Haiti's Ex-Military On Rampage

by Judith Scherr Haitian police target supporters of exiled President Jean-Bertrand Aristide, ransacking homes and churches, making arbitrary arrests and taking part in extra-judicial killings. Former military men and death squad members control parts of Haiti. UN "peacekeepers" stand by passively while chaos reigns and in some cases actively work with ex-military personnel. The United States is blaming the victim

Could Truce After Intensifying Iraq War Be October Surprise?

by Franz Schurmann Why is the U.S. intensifying the Iraq war? The simplest answer comes from the Korean and Vietnam Wars. In the final months of both wars the U.S. and its enemies recognized that neither side could win. But the U.S. also decided to inflict a final blast of death and damage. Why? There is no simple explanation. Maybe the Pentagon wanted to show the war was worth the huge budgetary outlays or they wanted to warn the enemy not to try another aggression

527 Groups Nearly Match All 2002 Political Donations

by Marty Logan 36 individuals or couples have given at least one million dollars to 527 groups during the 2003-2004 election cycle, led by Peter B Lewis, chairman of Progressive Insurance, who contributed close to $19 million through Sept. 30 to committees opposed to Bush. Financier George Soros, who in September announced he would embark on a speaking tour to denounce the president, gave $18 million to many of the same groups

The Expert Class Abandons Bush

by Jim Lobe Increasingly concerned about a "faith-based presidency" under President George W Bush, normally Republican and non-partisan experts on a range of national and international issues have decided to either publicly endorse his challenger, Senator John Kerry, or make clear their opposition to the incumbent

Most Bush Supporters Still Believe His Story On Iraq

by Jim Lobe 56% of Bush supporters said they thought most experts currently believe Iraq had actual WMD, and 57% said they thought the Duelfer Report had concluded that Iraq either had WMD (19%) or a major WMD program (38%)

Duelfer Report Debunks Last Excuse For Iraq Invasion

by Jim Lobe While Hussein was hoping to rebuild a WMD program -- particularly one of nuclear weapons -- his ability to do so had actually deteriorated over the previous five years, in stark contrast to the administration's warnings and Bush's current campaign rhetoric that Hussein posed "a gathering threat" to thw United States and its allies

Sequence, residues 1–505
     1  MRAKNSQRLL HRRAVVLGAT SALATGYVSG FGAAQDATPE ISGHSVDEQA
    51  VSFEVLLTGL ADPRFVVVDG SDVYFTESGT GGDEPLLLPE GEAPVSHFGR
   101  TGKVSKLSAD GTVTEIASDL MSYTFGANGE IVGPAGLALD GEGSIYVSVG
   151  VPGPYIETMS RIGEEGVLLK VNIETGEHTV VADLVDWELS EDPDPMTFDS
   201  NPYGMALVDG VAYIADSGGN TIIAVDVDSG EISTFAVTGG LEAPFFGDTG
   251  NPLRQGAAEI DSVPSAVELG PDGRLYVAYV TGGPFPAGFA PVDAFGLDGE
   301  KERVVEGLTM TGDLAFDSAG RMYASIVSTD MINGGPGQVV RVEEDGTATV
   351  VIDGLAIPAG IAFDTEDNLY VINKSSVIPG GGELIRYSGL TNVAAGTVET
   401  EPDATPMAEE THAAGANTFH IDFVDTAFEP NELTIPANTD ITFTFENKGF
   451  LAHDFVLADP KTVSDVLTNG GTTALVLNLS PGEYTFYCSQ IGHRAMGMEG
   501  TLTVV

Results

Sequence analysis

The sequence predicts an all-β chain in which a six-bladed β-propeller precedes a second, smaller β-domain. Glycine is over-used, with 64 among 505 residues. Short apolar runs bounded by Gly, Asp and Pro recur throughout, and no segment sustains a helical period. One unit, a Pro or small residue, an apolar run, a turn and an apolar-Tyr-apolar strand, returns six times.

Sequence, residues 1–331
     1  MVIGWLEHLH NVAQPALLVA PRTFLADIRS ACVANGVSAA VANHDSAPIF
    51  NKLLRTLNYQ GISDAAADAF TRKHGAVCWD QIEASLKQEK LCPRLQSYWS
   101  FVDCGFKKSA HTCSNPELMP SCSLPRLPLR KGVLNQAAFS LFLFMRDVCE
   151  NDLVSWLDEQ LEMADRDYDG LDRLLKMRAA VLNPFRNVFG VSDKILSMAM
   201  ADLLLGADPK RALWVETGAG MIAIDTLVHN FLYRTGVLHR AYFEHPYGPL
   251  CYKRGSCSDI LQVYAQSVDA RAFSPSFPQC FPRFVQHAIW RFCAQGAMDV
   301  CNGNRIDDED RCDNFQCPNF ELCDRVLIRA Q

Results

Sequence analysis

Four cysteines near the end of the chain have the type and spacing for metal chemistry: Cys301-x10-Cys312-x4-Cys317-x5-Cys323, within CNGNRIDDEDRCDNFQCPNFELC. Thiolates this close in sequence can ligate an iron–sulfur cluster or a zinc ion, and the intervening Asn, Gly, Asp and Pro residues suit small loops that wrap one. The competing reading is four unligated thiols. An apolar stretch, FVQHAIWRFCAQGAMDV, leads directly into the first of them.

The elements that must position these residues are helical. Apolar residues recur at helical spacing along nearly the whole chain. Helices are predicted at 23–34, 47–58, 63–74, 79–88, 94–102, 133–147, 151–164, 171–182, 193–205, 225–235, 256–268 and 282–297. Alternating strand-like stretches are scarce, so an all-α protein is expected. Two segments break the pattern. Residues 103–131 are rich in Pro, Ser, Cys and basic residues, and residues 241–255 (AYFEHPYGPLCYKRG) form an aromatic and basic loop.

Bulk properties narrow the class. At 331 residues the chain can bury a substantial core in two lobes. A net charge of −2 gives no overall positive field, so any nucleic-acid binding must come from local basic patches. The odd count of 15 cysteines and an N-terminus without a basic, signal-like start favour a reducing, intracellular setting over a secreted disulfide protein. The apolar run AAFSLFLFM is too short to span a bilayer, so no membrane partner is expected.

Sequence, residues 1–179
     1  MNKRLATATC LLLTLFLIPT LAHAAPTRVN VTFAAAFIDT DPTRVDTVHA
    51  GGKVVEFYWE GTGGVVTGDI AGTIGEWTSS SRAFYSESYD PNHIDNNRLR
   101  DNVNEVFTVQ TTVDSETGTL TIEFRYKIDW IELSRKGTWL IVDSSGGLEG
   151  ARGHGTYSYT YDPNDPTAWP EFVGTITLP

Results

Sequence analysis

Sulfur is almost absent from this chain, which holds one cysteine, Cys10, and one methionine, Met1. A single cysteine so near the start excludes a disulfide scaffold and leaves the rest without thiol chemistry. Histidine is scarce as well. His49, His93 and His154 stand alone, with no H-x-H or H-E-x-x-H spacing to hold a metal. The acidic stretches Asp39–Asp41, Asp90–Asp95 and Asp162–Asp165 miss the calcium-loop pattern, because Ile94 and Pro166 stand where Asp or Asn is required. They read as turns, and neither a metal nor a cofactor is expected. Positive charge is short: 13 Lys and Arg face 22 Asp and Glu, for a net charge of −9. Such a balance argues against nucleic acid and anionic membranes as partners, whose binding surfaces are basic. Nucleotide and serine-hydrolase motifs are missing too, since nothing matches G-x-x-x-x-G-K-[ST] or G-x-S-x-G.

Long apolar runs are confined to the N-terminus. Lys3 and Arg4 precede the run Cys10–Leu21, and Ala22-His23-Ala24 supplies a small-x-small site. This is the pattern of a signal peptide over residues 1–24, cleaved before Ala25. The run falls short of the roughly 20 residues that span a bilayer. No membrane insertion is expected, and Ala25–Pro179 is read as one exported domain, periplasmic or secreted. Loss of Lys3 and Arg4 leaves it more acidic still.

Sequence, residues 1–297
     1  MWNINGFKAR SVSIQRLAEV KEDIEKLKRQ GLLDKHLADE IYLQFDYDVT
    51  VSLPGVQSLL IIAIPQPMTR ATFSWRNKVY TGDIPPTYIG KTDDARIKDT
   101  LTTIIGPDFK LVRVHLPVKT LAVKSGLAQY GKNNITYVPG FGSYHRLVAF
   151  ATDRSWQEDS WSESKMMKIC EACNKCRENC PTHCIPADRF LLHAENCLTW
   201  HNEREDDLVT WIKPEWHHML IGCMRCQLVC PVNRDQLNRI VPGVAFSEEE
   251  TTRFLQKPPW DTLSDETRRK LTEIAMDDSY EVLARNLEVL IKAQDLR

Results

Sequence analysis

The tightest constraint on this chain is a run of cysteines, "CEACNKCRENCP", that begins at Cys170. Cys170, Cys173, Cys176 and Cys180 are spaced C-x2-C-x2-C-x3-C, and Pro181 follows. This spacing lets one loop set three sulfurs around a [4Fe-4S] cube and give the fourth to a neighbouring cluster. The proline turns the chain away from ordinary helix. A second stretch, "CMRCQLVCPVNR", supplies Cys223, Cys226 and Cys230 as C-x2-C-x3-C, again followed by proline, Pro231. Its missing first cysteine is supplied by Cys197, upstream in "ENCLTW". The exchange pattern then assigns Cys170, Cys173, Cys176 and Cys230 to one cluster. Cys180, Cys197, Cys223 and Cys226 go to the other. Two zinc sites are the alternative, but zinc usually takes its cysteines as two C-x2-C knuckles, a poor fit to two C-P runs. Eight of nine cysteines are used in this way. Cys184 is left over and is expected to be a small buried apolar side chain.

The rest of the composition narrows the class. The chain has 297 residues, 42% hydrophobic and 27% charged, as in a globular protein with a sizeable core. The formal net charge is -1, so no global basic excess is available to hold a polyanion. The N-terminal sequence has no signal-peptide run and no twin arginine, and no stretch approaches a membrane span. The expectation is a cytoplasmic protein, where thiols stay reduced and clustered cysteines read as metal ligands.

A Nation Of No Meek Opinions

by Molly Ivins Without fear of contradiction, I can say that George W. Bush has turned out to be a divider, not a uniter, for the past four years. Sheesh, if we get any madder at each other there will be fisticuffs, brethren, I say fisticuffs. Liberals, normally gentle as little kittens -- usually you can go right up to 'em and touch their soft, curly fur, they don't mind a bit -- are in an alarming state of righteous anger

The New Know-Nothing Party

by Molly Ivins In further unhappy evidence of how ill-informed the American people are (blame the media), the Program on International Policy Attitudes found Bush supporters consistently ill-informed about Bush's stands on the issues (Kerry-ans, by contrast, are overwhelmingly right about his positions)

The Bait And Switch, Photo-Op President

by Molly Ivins Bait and switch is a constant Bush tactic. Right after 9/11, Bush went to Ground Zero and threw his arm around a firefighter and assured him and other rescue workers he was with them. It was the photo-op seen 'round the world and was endlessly memorialized at the Republican convention. Except in August 2002, Bush pocket-vetoed $150 million in emergency grants for first-responders. The New York firefighters never got their money

The Scandal Of Sinclair

by Molly Ivins Sinclair Group is the perfect example of what's wrong with the concentration of ownership in media: Just a few companies now own almost all the major information outlets. Sinclair is the largest owner of local TV stations in the nation. It controls 62 stations in 39 markets and reaches at least 25 percent of Americans every day, all day

How Dumb Does Bush Think We Are?